Having a baby changes everything. Not only does your body go through an intense transformation, but you suddenly find yourself with less time and more responsibilities. Things like fitness and making time for yourself aren’t as easy to make happen as they once were.
Before getting pregnant with her now one-year-old son Sully, Kendra Sullivan was an avid runner and certified yoga instructor. Now, one year postpartum, she’s finding her stride in a new fitness routine.
“Once I found out I was pregnant, I stopped running,” she says. “I just didn't feel like physically pushing myself. Instead, I became an avid walker. I walked my dogs in our neighborhood nearly every day of my pregnancy, including the day Sully was born.”
After giving birth and getting clearance from her doctor, Sullivan knew she wanted to get back into her fitness routine, but there were obvious obstacles. In addition to being a new mom, she was also juggling her workload as a ninth grade teacher.
“Before baby, I could basically go run or do yoga whenever worked best for me. Now, it has to be scheduled around [my husband] Chris's availability and mine, so someone can watch Sully,” she says. Plus, Sullivan admits that sometimes fitness just can’t be the priority. “I'm also tired all the time, which can make it more difficult to get out there and get active,” she says. “Sometimes I need a nap more than a run.”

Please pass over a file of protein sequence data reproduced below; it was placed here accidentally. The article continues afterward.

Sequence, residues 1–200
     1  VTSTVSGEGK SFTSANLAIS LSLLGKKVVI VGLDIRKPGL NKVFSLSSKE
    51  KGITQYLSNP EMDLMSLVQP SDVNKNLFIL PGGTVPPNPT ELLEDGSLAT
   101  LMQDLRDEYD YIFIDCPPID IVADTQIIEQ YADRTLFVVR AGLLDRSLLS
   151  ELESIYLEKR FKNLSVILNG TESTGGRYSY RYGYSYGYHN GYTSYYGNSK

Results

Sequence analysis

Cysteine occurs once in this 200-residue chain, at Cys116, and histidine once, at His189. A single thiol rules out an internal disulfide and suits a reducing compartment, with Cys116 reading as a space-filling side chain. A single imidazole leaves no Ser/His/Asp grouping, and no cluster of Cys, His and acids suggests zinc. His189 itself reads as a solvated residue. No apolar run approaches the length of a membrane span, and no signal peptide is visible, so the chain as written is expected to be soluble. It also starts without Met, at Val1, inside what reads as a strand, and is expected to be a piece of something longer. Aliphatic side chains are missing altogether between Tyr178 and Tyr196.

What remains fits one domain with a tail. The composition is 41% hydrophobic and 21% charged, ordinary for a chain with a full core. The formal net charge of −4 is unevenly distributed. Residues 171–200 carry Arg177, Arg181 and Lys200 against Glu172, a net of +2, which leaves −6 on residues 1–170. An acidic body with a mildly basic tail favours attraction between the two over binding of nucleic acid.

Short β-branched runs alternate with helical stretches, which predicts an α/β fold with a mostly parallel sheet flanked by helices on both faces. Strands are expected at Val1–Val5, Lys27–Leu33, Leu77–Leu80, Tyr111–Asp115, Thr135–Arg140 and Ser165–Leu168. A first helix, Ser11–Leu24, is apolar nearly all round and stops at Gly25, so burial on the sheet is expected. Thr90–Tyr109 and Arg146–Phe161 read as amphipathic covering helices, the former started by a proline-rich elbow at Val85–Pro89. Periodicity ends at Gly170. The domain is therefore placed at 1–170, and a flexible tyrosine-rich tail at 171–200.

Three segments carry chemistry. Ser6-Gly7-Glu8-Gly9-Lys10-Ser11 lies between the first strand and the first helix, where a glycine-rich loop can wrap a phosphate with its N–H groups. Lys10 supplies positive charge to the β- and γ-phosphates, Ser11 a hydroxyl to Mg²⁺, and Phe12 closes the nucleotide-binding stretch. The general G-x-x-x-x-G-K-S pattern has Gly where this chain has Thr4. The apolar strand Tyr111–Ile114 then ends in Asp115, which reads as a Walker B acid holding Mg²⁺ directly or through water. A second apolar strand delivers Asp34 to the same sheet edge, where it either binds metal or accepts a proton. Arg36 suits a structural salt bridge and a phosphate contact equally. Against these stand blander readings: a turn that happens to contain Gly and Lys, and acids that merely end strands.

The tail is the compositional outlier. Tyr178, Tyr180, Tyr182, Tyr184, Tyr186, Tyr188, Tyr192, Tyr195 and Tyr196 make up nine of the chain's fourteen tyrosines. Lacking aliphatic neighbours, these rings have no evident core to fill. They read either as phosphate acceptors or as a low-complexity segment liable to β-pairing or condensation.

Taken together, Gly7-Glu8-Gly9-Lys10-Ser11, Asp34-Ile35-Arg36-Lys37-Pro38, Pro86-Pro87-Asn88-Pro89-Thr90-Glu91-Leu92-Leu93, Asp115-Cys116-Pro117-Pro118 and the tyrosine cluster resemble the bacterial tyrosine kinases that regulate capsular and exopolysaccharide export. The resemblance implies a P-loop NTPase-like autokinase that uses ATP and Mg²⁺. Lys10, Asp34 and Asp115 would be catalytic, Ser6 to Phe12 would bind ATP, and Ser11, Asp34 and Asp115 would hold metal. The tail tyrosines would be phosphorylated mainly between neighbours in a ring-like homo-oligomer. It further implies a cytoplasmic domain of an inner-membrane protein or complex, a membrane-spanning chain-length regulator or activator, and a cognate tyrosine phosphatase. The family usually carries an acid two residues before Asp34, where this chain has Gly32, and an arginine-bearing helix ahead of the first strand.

However, it’s granting herself this flexibility that has allowed Sullivan to slowly build back up into a sustainable fitness routine. Now, one year into parenthood, she finds time to run about two to three times a week. It isn’t as much as she would like, but it’s something — and she’s learning that having an “all or nothing” attitude simply doesn’t work once you throw kids in the mix.
“Post-baby, I've had a shift in thinking that has allowed me to feel OK about running and walking,” she says. “Pre-baby, I would have felt like any run that included a walk didn't really count. I've learned to give myself a lot more grace and have tried to adopt more of an ‘all or something’ attitude.”
After all, postpartum fitness is about much more than physical exercise. For Sullivan, she said it made her feel like herself again. “It has helped me re-craft my confidence and build strength,” she says. “I also can't overstate the importance of alone time. Often a run or a yoga class is the only time in the day I can carve out just for me.”
If you’re a new mom in the throes of late-night feedings, wondering if you’ll ever find time to go for a run again, take heart: it’ll happen. Sullivan’s biggest advice to new moms? Start adding fitness back in as soon as you’re cleared by your doctor — but build up slowly.
“A little grace will go a long way,” she says.
Thanks for sharing your journey, Kendra! Give our best to Sully.
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